Addicted To Violence

I was sitting at the bedside of a drug-addicted hospital patient at the moment when 19 people were shot in the second-line of the New Orleans Mothers Day parade.  I can still feel her fragile, papery skin on my hands, and the ache of disbelief and sorrow as her slurred, wandering unsentences of denial trailed off into slack-jawed vacant dozing.  As I was documenting the failed attempt at conversation, I saw the headline scroll by on my cell phone screen.  I Googled.

“Too much!” my brain screamed silently. I stared at the news bylines aghast, paralyzed for a moment by sheer amazement, and my breath fled my lungs as if I’d been punched in the chest. “Too much!”   In front of my eyes, the number of injured began to climb, first 12 then 15 then 17.  I felt first a wave of near-hysterical relief that no fatalities were being reported, then a chilling, shuddering repugnance that I could be feeling any relief whatsoever in the face of this horror.

Nurses have a host of ways to cope with emotional trauma at work; it’s a necessity when patients need us to keep our wits about us and our judgment clear.  One of my favorites is to go into a patient’s room and focus on his or her needs while my own internal firestorm abates in the background and the initial flood of panic chemicals subsides.  On this day I returned to my drug-addicted patient and watched as she struggled to lift her eyelids and remember my name, feebly attempting to delude us both into believing that she had an atom of self-control left.

At first I felt frustration rising at the incomprehensible waste of it all, a lifetime of human potential cut short, a family fragmented, a world of dreams unrealized because of the subtle demon of addiction.  But the germ of an idea began to ooze its way around the slammed door of my mind and take shape:  can’t the weaknesses of a culture that celebrates meaningless violence be traced back to the weaknesses that plague the most isolated and powerless of its members?  America has always prided itself on being the land of the free and the home of the brave.  Could the insanity that is wreaking havoc in our streets be the natural result of our being, at heart, cowardly and dependent?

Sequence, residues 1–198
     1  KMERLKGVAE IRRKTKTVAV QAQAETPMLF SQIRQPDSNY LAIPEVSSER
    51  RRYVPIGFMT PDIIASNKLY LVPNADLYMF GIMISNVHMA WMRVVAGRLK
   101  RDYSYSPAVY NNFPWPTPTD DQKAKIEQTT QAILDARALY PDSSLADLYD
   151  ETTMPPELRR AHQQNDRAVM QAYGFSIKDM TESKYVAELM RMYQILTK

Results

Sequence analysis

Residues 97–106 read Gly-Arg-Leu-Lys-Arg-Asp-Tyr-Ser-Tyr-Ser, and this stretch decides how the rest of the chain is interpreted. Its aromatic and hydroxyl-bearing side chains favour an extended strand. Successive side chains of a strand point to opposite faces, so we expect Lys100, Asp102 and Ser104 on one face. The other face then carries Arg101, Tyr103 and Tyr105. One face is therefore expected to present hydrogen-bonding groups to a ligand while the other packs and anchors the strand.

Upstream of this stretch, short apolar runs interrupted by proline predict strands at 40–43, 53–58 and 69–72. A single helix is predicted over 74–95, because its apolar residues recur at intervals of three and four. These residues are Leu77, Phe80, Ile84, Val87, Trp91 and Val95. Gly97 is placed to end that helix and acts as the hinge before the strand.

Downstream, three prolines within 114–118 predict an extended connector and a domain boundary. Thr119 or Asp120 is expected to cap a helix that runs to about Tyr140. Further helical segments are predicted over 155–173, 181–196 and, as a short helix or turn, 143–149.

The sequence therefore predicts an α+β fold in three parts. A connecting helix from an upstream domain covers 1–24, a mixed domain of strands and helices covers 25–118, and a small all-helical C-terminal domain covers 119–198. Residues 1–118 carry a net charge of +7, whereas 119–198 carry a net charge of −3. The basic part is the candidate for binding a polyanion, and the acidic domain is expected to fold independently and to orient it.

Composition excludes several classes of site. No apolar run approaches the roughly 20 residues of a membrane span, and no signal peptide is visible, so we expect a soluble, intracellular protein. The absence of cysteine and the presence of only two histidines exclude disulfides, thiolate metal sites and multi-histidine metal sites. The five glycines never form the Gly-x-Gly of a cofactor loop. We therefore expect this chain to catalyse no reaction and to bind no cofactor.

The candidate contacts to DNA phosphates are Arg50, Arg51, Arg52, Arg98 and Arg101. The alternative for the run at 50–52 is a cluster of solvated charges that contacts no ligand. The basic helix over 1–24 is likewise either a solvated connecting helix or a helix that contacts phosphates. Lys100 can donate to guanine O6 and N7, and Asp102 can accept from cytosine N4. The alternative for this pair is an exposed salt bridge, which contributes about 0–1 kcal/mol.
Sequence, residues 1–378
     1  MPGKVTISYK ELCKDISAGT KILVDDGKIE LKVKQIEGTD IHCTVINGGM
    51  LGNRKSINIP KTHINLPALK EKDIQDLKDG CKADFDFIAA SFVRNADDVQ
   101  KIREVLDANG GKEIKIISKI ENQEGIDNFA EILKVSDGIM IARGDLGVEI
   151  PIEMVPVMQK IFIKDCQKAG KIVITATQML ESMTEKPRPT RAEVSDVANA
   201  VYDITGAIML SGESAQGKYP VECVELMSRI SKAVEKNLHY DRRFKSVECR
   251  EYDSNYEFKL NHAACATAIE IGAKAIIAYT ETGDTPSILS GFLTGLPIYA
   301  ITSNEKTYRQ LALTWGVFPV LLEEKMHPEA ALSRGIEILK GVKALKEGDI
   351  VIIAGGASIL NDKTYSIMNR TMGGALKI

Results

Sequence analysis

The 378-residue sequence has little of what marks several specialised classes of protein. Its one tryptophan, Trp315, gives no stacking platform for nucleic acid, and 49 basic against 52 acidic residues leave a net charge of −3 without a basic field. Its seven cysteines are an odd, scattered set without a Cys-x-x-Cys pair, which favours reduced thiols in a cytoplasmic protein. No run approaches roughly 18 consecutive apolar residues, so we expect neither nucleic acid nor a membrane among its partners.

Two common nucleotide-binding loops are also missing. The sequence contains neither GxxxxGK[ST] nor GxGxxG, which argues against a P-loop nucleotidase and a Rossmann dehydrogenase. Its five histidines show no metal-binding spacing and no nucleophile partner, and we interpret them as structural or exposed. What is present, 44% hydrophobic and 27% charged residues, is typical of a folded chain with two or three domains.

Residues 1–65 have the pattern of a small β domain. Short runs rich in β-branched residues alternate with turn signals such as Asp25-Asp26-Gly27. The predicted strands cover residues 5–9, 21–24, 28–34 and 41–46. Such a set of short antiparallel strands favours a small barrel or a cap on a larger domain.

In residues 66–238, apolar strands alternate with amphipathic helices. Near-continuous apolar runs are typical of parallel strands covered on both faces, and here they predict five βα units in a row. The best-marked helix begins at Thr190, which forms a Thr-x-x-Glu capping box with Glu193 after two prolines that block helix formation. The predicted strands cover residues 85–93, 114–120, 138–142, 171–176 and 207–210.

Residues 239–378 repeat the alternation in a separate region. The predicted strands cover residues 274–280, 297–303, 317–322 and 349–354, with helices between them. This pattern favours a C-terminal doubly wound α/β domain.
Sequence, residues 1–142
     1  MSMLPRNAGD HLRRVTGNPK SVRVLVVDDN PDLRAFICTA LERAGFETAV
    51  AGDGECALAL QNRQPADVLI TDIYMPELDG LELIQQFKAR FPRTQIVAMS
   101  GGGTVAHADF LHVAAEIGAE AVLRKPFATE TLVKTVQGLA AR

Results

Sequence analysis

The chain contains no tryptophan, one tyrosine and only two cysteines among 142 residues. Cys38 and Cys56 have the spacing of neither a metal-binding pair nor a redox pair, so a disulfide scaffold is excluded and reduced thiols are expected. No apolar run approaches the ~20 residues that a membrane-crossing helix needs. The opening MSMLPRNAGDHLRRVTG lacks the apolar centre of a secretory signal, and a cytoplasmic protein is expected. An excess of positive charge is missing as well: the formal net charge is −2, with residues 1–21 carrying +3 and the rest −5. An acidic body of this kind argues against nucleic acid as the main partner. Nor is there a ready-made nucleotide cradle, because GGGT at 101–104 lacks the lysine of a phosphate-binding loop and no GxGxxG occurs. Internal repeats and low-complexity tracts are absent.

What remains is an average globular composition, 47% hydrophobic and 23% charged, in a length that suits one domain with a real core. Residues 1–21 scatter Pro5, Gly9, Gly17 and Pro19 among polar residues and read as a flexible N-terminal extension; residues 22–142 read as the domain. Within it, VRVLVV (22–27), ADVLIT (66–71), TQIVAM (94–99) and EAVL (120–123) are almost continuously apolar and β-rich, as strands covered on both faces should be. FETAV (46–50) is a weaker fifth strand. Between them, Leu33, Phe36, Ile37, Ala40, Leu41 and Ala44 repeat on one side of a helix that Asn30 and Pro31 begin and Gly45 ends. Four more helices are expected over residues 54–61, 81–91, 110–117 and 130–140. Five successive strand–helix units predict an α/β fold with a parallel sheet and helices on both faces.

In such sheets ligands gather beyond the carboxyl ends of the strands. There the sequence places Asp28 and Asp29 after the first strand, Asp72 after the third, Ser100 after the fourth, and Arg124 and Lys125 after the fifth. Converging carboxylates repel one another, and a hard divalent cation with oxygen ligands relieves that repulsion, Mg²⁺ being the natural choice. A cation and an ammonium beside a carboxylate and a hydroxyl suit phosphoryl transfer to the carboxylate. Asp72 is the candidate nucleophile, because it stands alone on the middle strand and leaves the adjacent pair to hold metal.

One thing that never fails to amaze me when I work with addicts and those with severe mental illness is how deeply some of them believe they have nothing to lose.  They may have loving families, vibrant personalities, extraordinary intelligence or other gifts, and yet they are convinced that what happens to them is meaningless.  They see no value in their own lives and no obligation to improve or protect the lives of others. Some element of this conviction must exist in the minds of those who would blow up the finish line of a race, shoot into a parade or riddle a schoolroom with bullets.  What troubles me more, though, is how engrossed our culture is with those who have abandoned their own lives and now exercise such a peculiarly strong hold over our own.

What glues us to the TV, watching the same footage of bloodshed and chaos over and over again when a tragedy happens?  What makes us crave information about those who slaughter more than about those who cherish? What is broken in those of us who call ourselves “normal” that we are willing to spend our precious time and money focusing on the devastation of strangers?  Are we becoming like Ancient Rome, so jaded and despairing that we turn away from our own families, our own selves, our own communities to watch slaves fight lions to the death in the arena?

Are our own lives so devoid of excitement or interest that we can only feel satisfied by minute observation of the sufferings of others?  If so, then where exactly is the line between us and those who perpetrate those sufferings? If we are making the news organizations and video game makers and movie/TV producers rich who feed our hunger to experience the adrenalin of violence without getting our own hands dirty, who are we to blame those who can’t resist the urge to step forward and seize their own day in the limelight?